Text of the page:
Friday, 19 October 2018

Mayor denies news report that a controversial Manitoba hog barn has been declared "legal." Issue remains unresolved.

by Larry Powell
What the fuss is all about. A PinP photo.
The building in question is a "finisher barn," where mature hogs are prepared for market. It's located in the RM of Yellowhead, northwest of Brandon.

It became controversial when the citizens' group, Hogwatch Manitoba, brought a formal complaint in September to the Yellowhead council.

It alleged the owner, Wim Verbruggen, had built a larger barn than stated in his original application for a building permit, bypassing several regulations and bylaws in the process. Ruth Pryzner of Hogwatch says there should have been a public hearing and provincial technical review. Neither was held. She also questioned whether proper procedures have been taken to ensure adequate manure storage and water management. She called on the RM to take meaningful action, including possible closure.

Yellowhead Mayor Don Yanick told PinP, Verbruggen has since assured council the number of animals he intended to raise in a larger, approved building meets legal requirements. On the basis of the assurance, Mayor Yanick says it appears the owner "followed our rules" and that there was no need for a hearing. Nevertheless, he says council decided on Oct. 9th, to "definitely" find an "independent person" at taxpayers' expense and verify the actual number of pigs in the barns. At the time of this writing, however, that person had not yet been appointed.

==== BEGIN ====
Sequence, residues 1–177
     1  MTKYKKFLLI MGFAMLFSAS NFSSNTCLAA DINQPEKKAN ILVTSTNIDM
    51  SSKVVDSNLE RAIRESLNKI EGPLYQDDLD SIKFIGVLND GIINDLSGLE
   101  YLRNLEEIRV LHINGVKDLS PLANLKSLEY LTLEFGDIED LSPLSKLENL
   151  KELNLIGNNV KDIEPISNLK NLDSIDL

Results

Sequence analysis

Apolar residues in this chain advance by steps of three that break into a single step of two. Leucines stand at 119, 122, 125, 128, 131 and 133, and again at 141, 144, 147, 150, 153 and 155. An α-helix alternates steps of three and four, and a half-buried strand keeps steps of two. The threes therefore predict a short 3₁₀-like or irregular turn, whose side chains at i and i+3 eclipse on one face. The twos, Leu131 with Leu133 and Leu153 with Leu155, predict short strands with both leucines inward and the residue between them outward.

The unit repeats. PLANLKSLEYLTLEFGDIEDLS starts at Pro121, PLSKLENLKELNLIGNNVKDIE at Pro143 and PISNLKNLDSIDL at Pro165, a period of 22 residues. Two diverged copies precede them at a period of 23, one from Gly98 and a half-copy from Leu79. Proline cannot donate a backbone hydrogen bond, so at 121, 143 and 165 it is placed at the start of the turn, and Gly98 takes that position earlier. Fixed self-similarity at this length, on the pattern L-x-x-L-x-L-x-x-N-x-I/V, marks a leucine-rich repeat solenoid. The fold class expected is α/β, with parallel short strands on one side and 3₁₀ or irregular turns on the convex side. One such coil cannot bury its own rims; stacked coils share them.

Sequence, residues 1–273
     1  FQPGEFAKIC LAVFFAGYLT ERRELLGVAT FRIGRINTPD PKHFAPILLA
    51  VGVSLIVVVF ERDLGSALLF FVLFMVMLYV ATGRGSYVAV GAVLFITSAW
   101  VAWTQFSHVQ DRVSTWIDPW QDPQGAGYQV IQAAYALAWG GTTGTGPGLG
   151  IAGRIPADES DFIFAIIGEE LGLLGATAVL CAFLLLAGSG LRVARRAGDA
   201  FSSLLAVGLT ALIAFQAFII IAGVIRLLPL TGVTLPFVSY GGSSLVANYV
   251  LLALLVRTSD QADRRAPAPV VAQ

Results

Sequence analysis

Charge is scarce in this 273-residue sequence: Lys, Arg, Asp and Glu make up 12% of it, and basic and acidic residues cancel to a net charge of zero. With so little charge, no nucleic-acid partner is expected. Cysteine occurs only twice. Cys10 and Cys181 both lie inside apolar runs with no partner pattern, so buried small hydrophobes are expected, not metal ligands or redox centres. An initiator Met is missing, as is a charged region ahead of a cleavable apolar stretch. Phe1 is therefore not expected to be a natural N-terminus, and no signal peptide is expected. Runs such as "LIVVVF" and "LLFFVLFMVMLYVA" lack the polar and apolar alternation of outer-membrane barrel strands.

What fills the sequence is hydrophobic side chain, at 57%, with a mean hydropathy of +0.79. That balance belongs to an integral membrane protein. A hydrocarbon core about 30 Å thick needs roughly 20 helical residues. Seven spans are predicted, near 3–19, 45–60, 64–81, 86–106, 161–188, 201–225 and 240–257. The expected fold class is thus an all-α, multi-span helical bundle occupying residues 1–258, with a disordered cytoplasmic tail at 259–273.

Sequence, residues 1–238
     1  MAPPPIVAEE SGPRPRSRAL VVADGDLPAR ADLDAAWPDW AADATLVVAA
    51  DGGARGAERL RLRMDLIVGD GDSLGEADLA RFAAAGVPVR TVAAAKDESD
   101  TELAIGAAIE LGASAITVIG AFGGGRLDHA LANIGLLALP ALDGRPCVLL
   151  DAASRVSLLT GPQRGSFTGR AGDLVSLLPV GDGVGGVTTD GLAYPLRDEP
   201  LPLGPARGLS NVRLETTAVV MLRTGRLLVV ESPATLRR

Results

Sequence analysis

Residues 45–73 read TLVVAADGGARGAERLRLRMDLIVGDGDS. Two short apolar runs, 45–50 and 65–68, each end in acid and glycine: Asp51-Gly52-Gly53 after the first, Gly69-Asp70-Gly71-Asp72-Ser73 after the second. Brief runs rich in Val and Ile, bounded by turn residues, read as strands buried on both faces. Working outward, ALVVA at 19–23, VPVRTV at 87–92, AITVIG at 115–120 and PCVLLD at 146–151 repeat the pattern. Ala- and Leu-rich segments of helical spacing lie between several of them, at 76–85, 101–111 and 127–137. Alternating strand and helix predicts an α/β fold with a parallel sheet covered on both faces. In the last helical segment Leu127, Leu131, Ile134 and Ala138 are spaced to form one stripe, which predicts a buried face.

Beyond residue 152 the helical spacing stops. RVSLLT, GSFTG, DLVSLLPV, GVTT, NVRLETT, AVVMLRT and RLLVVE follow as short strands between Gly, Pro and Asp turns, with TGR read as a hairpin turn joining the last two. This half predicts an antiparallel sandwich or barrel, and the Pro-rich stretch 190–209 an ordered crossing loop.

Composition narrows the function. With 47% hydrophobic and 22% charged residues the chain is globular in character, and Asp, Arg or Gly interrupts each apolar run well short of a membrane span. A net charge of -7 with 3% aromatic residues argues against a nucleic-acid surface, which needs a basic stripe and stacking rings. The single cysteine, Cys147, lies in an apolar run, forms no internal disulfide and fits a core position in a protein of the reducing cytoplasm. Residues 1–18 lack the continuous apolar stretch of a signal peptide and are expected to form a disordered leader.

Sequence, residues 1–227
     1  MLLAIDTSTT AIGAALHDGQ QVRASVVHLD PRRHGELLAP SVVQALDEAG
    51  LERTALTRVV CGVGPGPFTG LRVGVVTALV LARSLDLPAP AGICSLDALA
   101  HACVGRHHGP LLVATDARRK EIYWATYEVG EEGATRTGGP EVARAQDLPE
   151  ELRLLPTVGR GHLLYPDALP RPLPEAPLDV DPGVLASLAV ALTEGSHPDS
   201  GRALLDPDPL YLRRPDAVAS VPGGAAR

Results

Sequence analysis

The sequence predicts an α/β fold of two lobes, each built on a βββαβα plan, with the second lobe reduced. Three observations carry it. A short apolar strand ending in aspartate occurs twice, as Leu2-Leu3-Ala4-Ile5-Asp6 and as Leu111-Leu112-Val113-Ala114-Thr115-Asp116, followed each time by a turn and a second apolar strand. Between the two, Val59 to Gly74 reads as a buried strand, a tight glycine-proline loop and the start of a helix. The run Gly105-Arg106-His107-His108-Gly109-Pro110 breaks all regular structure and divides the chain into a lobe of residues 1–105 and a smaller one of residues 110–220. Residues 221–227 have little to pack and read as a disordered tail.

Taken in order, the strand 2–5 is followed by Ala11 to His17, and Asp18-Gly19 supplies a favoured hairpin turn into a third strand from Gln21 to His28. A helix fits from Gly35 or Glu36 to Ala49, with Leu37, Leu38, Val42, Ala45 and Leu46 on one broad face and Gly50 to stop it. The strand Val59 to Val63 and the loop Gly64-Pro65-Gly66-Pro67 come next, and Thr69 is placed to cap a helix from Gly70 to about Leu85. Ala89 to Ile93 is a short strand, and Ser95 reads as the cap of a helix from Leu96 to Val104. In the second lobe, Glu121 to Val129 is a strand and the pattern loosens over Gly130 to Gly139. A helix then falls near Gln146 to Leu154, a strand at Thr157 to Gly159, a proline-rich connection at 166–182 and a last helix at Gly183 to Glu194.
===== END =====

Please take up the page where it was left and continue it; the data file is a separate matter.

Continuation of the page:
Also, it may be tough to get that independent person into the barn, in the first place. Barn owners can invoke special "biosecurity" requirements, such as "showering in and showering out" to guard against the spread of disease. Whether the owner has the power to forbid entry altogether, is unclear. The Mayor believes the inspection could depend on whether Verbruggen even "allows us in."

Pryzner says regulation must determine the most number of animals that an be housed in the original barns ("iso-wean" operations which have been there for years) and the addition. She adds, "If a disease outbreak occurred and all animals removed, the building capacity remains the same." The manure storage permit the province issued in 2001 for that original operation is proof that barn capacity must guide regulatory decision-making, not animals present at any given time.

Meanwhile, Yanick is denying yesterday's headline story in the local newspaper, Crossroads This Week," (see story, below). It reads, "Hogbarn Found to be Legal." First of all, he says, Council will not be declaring the operation "legal," even if an inspection clears the owner. (It will simply be allowed to proceed.) So, the bottom line is, the matter is still pending and will be discussed again at the next council meeting on Oct. 23rd.

Despite the fact this whole issue is not yet resolved, the newspaper describes the Hogwatch allegations as "unwarranted swipes against a family farming operation." 


"In Hogs We Trust."  
A critique of Manitoba’s “runaway” hog industry.

Monday, 15 October 2018

PROFIT VS PEOPLE Corporate Power + Climate Change = Geocide